Last year, about 1.3 million factory jobs disappeared in America, according to USA Today. Every year we see more and more of our jobs moving to Mexico, China, and other countries, while Americans are left with fewer and fewer options to find employment.
As companies close down or ship jobs offshore, we see small towns and big cities across the country reduced to virtual ghost towns as workers move away in search of new jobs. Businesses shut down because their customer base is shrinking, schools lose funding as class sizes diminish, local governments cut back on services, and the downward spiral continues.
It’s easy to blame big business for the problem, believing that all they care about is profits, and if they can produce their goods cheaper offshore, that’s what they are going to do. And cooperate greed is a very big part of the problem.
However, that’s only one part of the problem. Employees themselves have to carry some of the blame for the predicament they now find themselves in. For years labor unions have demanded more and more, until some companies just could not break even. I saw it in Arizona in the early 1980s, when copper miners in Clifton and Morenci went on strike against the Phelps Dodge Corporation for even higher wages than they had been getting. Three years later, none of them had jobs. If Arizona copper miners didn’t want to work, there were plenty of miners in other countries eager for jobs. Today copper mining, once a powerhouse industry in Arizona, is almost a forgotten relic of times past. A few weeks ago I wrote about an Elkhart, Indiana band instrument company where the same thing happened.
The world has changed. As Third World nations emerge, their industries do not have the restrictions and pressures American industry has. To survive, American industry and industrial workers need to change too. The “us against them” labor/management attitude needs to be replaced with one of “we’re all in this together.”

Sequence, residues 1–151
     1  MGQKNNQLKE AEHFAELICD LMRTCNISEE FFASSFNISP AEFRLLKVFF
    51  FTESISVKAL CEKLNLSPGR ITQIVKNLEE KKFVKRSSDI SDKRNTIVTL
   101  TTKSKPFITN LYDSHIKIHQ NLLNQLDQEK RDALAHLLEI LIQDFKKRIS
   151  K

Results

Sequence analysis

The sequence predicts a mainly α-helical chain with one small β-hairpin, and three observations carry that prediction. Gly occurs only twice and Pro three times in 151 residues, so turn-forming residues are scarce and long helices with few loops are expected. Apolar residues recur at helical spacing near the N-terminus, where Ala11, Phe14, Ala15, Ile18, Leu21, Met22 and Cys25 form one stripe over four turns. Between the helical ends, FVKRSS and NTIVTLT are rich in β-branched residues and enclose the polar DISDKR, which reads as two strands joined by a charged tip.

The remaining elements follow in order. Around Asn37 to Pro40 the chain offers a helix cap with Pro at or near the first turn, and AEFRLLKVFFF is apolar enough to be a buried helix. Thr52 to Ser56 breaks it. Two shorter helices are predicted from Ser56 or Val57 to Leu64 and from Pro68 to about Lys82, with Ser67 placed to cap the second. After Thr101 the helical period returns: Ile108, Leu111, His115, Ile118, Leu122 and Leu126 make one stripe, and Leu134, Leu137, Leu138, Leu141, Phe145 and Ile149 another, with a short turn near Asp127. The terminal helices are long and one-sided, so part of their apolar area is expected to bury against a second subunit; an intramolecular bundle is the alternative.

Another factor are the environmentalists who don’t want us to cut down trees, drill oil wells, build pipelines, open factories, or do anything else that might in any possible way disturb obscure critters like dung beetles and spotted owls.
And let’s not forget the folks in Washington, D.C., who heap restrictions and taxes higher and higher on the backs of American businesses. If they make a dollar profit, it seems like they are expected to give 99 cents of it to support foreign aid, foreign wars, illegal aliens, and home grown welfare moms. How can a factory survive?
But we, as consumers, are not without guilt either. We all want to spend the least amount of money for anything we buy, which has led to the proliferation of big box stores that have run the small retailer out of business, and to the glut of cheap foreign goods those big stores sell. Every American wants to earn top wages and pay bargain basement prices. That just doesn’t work.
For a company to produce quality goods and pay their employees high wages, they have to charge more for the finished product. Only by cutting expenses can they produce and sell anything cheaper. Do you remember that old saying about buying oats? If you want nice, fresh oats, you have to pay top dollar for them. But if you are willing to settle for oats that have been run through the horse already, they are a whole lot cheaper!
The government announced in January that, for the first time in history, most union members are now government employees, not workers in the private sector. America needs blue collar jobs. We need manufacturing. We need industry making products that bring wealth into a community and a nation, instead of spending our dollars offshore to buy products made elsewhere. We cannot survive as just a service economy. We need to stop shipping our jobs to Mexico and China, and bring them back home.
So how do we do that? I’m afraid we can’t. Well, let me clarify, I’m afraid we won’t. The first thing we all have to do is to change our mindset, and I don’t see that happening! We are all too selfish to give up the cheap junk we buy at mega retailers. Our government is too afraid of offending other countries by imposing tariffs on their goods. Our lawmakers are too happy sticking lobbyist and special interest money into their own pockets, rather than allow things to change.
We need to impose sanctions against companies who close down U.S. plants and move them overseas. We need union workers to understand that it’s a new world and that the gravy train has derailed. They need to learn the word compromise. We need lawmakers who have the guts to say “no more” and make the hard changes, no matter how unpopular they are. We all need to be willing to pay a little more for quality American made goods.
If we don’t, just like the mill and factory towns that sit mostly empty and broken, I fear that America itself is in danger of becoming the world’s biggest ghost town!
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